Although the grain was carefully designed to produce constant thrust throughout the burning period this did not always happen. The booster occasionally produced high thrust pulses. If this happened just after missile-booster separation the booster drove ahead and crashed into the rear of the missile, choking off airflow through the ramjet and sometimes causing severe damage. This uneven burning was called secondary flame, resonant burning or "chuffing" 2, 6, 13 and finding a solution was another problem that had to be solved.
One cause was determined to be incomplete or uneven ignition of the propellant that resulted in irregular flash burning on the propellant surface. This resulted in the release of unburned combustible gasses, principally hydrogen and carbon monoxide.6, 10 These gasses ignited sporadically inside the cavities, causing extreme pressure variations that produced uneven thrust and could crack the grain, causing destruction of the missile.
Another problem that arose was resonant burning in the long tubular cavities in the grain, called "L* instability." Instead of even burning along the full length of the exposed surface the flame would oscillate between the middle and ends of the cavities, setting up strong resonant vibrations that could crack the grain. If the grain cracked the burning area would increase suddenly, possibly creating enough pressure to explode the booster. 3, 10
Several approaches were tried to suppress this problem.4, 12 The solution was installation of small diameter steel resonance rods in the cavities in the grain. These are the narrow white rods shown in the cutaway drawing. The rods were coated with a flame-retardant material such as an ethyl-cellulose binder containing potassium sulfate that vaporized in the hot exhaust gasses and prevented them from re-igniting.6, 9 In essence, the material acted as a fire extinguisher. In addition, the rods absorbed resonant energy in the combustion gasses and stabilized burning.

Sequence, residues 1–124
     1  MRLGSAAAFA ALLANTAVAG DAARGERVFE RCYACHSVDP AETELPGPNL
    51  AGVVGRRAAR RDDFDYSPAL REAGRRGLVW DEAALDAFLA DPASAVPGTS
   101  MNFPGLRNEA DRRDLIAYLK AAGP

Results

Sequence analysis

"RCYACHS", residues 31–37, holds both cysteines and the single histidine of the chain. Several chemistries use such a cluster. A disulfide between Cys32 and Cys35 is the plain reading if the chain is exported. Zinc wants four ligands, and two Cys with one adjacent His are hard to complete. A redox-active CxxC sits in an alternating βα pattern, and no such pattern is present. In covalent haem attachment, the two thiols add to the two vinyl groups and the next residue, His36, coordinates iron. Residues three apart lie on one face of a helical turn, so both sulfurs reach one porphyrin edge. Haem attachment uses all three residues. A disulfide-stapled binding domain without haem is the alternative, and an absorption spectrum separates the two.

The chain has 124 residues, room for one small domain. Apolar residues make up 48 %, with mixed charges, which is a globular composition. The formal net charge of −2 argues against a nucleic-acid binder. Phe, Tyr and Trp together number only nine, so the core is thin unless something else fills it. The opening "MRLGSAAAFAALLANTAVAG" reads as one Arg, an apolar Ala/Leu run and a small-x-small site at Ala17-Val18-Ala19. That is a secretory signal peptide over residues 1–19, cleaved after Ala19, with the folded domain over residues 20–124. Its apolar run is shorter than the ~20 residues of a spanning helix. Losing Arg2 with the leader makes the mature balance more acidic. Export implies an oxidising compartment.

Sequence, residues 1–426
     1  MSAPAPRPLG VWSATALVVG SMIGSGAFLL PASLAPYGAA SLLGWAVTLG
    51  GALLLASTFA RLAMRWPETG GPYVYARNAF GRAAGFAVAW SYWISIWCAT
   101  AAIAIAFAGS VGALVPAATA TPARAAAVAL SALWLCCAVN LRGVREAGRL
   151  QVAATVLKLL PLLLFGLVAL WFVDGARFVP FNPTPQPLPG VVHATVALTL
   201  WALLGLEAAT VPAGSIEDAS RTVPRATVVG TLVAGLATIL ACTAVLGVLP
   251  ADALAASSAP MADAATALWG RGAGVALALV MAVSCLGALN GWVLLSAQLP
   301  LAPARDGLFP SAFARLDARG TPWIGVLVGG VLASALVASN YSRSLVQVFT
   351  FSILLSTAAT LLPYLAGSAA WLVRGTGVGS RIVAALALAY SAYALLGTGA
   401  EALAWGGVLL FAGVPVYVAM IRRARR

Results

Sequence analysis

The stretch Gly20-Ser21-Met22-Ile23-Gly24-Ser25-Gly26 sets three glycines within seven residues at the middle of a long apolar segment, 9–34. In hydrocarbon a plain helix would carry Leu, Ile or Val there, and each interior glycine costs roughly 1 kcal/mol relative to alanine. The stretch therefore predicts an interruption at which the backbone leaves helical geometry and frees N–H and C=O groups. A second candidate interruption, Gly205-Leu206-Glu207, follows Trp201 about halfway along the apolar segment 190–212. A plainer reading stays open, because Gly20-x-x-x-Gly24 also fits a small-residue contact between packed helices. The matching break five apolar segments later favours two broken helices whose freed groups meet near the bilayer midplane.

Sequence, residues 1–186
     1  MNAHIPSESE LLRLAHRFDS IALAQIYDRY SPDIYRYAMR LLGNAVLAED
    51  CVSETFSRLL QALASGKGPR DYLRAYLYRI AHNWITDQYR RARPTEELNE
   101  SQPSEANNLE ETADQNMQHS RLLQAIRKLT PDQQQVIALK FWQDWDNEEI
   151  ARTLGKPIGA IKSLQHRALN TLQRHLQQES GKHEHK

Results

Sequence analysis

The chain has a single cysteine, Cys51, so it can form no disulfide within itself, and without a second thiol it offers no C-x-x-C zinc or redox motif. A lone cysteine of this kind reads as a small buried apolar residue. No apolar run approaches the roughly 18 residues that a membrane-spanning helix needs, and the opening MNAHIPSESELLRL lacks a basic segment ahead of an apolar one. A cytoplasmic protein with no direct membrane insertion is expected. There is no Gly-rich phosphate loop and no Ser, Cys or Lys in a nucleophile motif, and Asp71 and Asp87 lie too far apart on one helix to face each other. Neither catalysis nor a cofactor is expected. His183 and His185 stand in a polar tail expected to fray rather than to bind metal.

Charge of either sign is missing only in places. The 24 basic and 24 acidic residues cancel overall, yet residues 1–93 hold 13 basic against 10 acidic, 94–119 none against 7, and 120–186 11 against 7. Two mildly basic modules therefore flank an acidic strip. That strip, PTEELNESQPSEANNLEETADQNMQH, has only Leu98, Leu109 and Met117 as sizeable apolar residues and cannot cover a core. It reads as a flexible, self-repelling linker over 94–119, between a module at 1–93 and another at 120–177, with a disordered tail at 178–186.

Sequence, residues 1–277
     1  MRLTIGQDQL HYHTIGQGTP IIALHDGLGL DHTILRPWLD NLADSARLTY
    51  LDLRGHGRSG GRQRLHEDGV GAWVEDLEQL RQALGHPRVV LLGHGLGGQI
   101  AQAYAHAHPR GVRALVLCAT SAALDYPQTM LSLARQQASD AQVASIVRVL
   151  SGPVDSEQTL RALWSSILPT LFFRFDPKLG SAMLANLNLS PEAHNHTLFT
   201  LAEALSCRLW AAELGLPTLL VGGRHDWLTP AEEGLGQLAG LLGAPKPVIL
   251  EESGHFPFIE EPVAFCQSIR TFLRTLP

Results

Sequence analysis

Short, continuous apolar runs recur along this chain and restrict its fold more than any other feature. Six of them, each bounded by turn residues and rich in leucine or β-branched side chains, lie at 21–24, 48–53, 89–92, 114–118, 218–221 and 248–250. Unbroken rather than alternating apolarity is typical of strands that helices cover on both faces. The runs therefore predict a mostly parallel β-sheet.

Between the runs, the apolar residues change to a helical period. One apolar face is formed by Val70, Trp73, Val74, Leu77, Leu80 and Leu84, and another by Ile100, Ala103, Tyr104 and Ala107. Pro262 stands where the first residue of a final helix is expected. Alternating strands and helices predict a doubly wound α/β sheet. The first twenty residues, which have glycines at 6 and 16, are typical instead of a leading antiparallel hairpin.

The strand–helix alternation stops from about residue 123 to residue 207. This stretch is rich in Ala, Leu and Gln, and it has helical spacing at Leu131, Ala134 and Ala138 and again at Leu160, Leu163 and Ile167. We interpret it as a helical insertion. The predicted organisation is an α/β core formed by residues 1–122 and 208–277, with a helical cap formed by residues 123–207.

The early prototype booster had a fairly simple arming mechanism.13 In the center of the front end of the case was an igniter filled with black powder with several pyrotechnic squibs embedded in the powder. The electrical firing circuit in the launcher connected to the booster through a contact on one of the front launching rail shoes. The circuit passed through the normally open contact in a single pole double throw safing switch and then to the squibs. When disarmed the circuit from the squibs passed through the normally closed contact of the switch to the casing of the booster, shorting the circuit to the squibs to prevent accidental firing.
A mechanism at the bottom front had a gear that engaged teeth on a rotating ring around the igniter. When the mechanism was rotated the ring turned to cause an arm on the ring to depress the safing switch. When this switch closed the circuit from the shoe contact to the squibs was completed and the booster was armed and ready for launch. The firing current from the launcher passed through the switch and ignited the squibs. When the black powder ignited it burst the thin rear plate on the igniter and flooded the propellant cavities with fire. Flame from the igniter passed through the combustion channels in the grain, igniting the propellant, then out the back end of the grain and through the nozzle. This mechanism was suitable for the protype test missiles, but was unsuitable for shipboard use. The booster had to be armed manually from below, and the firing circuit was not redundant.